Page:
Nuala O’Connor’s stunning new collection of short stories Joyride to Jupiter opens with the line ‘I knew something was going to go wrong as sure as I knew west was west’ and closes with the promise that ‘All will be well.’ Things do go wrong in these stories, sometimes very wrong, but O’Connor moves seamlessly from despair to hope in this witty, humorous and moving collection.
Loss permeates a lot of the stories in Joyride to Jupiter as relationships falter, adulteries happen and familial ties are tested.
In the affecting Tinnycross estranged brothers are fighting over the inheritance of their family home, while the narrator of Consolata looks back on the childhood moment when she caught her father having sex with a nun. ‘How could my Sister Consolata want to be better friends with my father than with me?’
In Futuretense a copywriter for a fragrance company reflects on the suicide of her brother as she comes up with the blurb for new scents; while Squidinky depicts a tattooist grieving for her dead partner.
Yet this is not a depressing collection by any means. What makes these stories successful is the deft blending of wit and tenderness coupled with effective and welcome moments of humour. O’Connor is also skilfully aware of the importance in the short story of allowing nothing in particular to happen; yet when dramatic moments come they feel cohesive and well-timed.
In the wonderfully named title story, a man struggles to deal with his wife’s dementia and her regression into child-like precociousness. She starts wearing tracksuits and cheap teenage make-up and becomes more and more reliant on her husband.
And then she laughed because laughter falls from her now as it never did; it falls and pools around us, the one good thing. I knelt and stepped her feet into her knickers and pulled them up. I put her arms into the sleeves of her blouse and fiddled with the tiny buttons. She was childlike in her pliancy. I kissed her forehead. ‘You’re my dolly’, I said.
Poignancy soon gives way to unease as O’Connor skilfully portrays the unreliability of our narrator and as with all these stories there is a sense for the reader that we are never quite sure where we are going to be taken.
There is a strong sense of place in these stories, from rural Ireland to Naples via Rio de Janeiro, with vivid descriptions of landscape that often catch the breath.
Tonight there is a moon-rind, a nicotined fingernail, hanging low over the lake; above it, a Swarovski sparkler of a star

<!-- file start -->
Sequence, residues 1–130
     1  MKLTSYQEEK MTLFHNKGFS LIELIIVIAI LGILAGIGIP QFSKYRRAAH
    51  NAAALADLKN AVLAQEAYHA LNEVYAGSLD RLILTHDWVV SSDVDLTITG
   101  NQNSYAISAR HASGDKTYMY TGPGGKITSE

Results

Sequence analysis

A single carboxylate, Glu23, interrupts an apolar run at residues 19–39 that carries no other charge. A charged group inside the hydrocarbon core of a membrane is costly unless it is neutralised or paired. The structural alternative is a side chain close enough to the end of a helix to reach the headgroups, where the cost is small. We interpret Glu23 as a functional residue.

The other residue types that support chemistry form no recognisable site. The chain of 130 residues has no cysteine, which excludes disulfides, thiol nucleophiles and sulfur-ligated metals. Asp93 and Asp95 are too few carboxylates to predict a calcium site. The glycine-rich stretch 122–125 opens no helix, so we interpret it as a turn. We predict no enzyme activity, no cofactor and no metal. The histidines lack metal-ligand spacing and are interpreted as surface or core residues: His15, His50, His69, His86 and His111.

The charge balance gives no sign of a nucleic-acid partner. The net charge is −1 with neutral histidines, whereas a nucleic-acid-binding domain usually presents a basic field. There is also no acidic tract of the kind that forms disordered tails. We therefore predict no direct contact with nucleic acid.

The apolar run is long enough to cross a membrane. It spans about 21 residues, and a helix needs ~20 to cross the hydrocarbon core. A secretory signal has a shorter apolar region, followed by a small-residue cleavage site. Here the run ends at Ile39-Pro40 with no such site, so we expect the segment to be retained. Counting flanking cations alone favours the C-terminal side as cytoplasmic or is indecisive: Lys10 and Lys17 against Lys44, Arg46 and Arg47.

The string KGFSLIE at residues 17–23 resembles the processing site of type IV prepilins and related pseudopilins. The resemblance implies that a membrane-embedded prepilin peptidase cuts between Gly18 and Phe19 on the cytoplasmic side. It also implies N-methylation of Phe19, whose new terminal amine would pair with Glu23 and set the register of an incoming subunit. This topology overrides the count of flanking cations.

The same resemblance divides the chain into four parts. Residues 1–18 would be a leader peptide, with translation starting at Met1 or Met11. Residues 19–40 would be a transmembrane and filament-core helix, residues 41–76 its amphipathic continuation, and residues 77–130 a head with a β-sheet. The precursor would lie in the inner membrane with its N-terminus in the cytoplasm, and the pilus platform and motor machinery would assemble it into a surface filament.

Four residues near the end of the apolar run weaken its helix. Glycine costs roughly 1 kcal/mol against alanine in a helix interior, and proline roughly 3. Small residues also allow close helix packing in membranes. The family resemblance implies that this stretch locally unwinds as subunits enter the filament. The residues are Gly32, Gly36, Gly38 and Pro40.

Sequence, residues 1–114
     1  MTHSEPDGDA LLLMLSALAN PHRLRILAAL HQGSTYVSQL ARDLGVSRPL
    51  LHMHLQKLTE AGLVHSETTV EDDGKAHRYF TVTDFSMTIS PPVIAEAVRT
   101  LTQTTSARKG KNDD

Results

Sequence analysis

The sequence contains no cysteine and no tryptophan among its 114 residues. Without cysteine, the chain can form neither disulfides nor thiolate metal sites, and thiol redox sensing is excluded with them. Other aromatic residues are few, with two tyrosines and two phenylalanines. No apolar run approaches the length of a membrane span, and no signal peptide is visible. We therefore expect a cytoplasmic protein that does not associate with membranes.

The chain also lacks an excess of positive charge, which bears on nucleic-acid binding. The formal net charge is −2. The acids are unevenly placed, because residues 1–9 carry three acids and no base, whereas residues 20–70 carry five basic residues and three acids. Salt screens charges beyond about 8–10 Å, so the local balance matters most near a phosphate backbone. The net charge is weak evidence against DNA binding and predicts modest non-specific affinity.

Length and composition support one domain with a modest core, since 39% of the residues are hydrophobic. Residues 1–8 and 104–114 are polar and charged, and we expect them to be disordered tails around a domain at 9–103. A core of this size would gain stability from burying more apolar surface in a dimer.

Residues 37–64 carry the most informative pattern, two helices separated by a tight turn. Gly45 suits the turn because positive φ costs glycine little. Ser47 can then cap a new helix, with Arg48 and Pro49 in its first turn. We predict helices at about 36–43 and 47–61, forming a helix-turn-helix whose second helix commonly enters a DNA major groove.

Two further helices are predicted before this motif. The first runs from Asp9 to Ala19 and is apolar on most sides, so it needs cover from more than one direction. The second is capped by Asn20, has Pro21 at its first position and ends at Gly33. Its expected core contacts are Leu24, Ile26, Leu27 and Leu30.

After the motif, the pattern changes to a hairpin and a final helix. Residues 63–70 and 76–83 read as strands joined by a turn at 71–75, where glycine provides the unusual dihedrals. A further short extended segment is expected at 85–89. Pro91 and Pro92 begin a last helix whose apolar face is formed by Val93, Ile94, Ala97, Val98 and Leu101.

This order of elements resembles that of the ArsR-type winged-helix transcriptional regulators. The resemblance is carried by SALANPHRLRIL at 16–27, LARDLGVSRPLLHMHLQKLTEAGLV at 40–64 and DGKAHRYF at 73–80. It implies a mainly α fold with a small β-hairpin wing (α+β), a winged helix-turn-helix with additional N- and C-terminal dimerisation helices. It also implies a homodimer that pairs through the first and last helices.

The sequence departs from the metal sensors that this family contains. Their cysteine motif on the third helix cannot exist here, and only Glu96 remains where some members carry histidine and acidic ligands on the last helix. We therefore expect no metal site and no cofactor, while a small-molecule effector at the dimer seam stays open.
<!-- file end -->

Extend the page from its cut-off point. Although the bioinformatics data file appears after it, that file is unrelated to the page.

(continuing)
Being in a place or being away from a place are often the crux of these stories, whether it be a Ukrainian chambermaid watching her child grow up via Skype or a young emigre working in Manhattan and thinking of her mother back in Galway. These characters might as well be on Jupiter for the distance they have to breach.
My face is a shadow. My Mammy’s features blur and slip out of focus. I put my hand to the glass and rub at it to try to conjure her again. And I am flattened by the truth of things; no more than the poor little maneen from Ballinasloe, I will never look into my Mammy’s eyes again.
O’Connor’s characters are often ‘flattened by the truth of things’ and a lot of the stories rest on a moment of realisation and clarity. Whether or not anything will come of these moments of revelation is often tantalisingly left up to the reader.
Narrative voices are well-captured, particularly in the hilarious Penny and Leo in Married Bliss, where Penny’s anger at her belief that Leo is cheating, online and in real life, doesn’t stop her from fantasising about a tryst with the local priest.
Ah, he’s a fine thing though. God forgive me but I’d bounce up and down on Father Hugh Boylan all night, given a chance
The seemingly ironic nature of the title of the story does not play out the way you would expect and the story turns on its head to suggest that happiness comes in many forms.
In Joyride to Jupiter, the shortest pieces are no less affecting, unsurprising given O’Connor’s experience as a flash fiction writer. In Fish a neighbouring man and woman see each other in a state of undress, ‘and none of it could be undone’ while in the affecting Girlgrief a mother deals with the death of her grown son by looking after his daughter she has never met before. The ingenious Yellow verges towards science fiction as couples try to catch flying babies in a net – the style of the story perfectly capturing the surreal nature of infertility treatment.
Joyride to Jupiter is a collection that shows a writer with complete mastery of her craft. The best of the stories hint rather than shout but all are poignant and complex, riding on the dichotomy between hope and despair. She is clear-eyed when exploring the dark realities of human behaviour, but the humour and wit displayed within her affecting prose allow this collection to soar.
Nuala O’Connor AKA Nuala Ní Chonchúir was born in Dublin, she lives in East Galway. Her fifth short story collection Joyride to Jupiter was published by New Island in June 2017. Penguin USA, Penguin Canada and Sandstone (UK) published Nuala’s third novel, Miss Emily, about the poet Emily Dickinson and her Irish maid. Miss Emily was shortlisted for the Bord Gáis Energy Eason Book Club Novel of the Year 2015 and longlisted for the 2017 International DUBLIN Literary Award. Nuala’s fourth novel, Becoming Belle, will be published in 2018.
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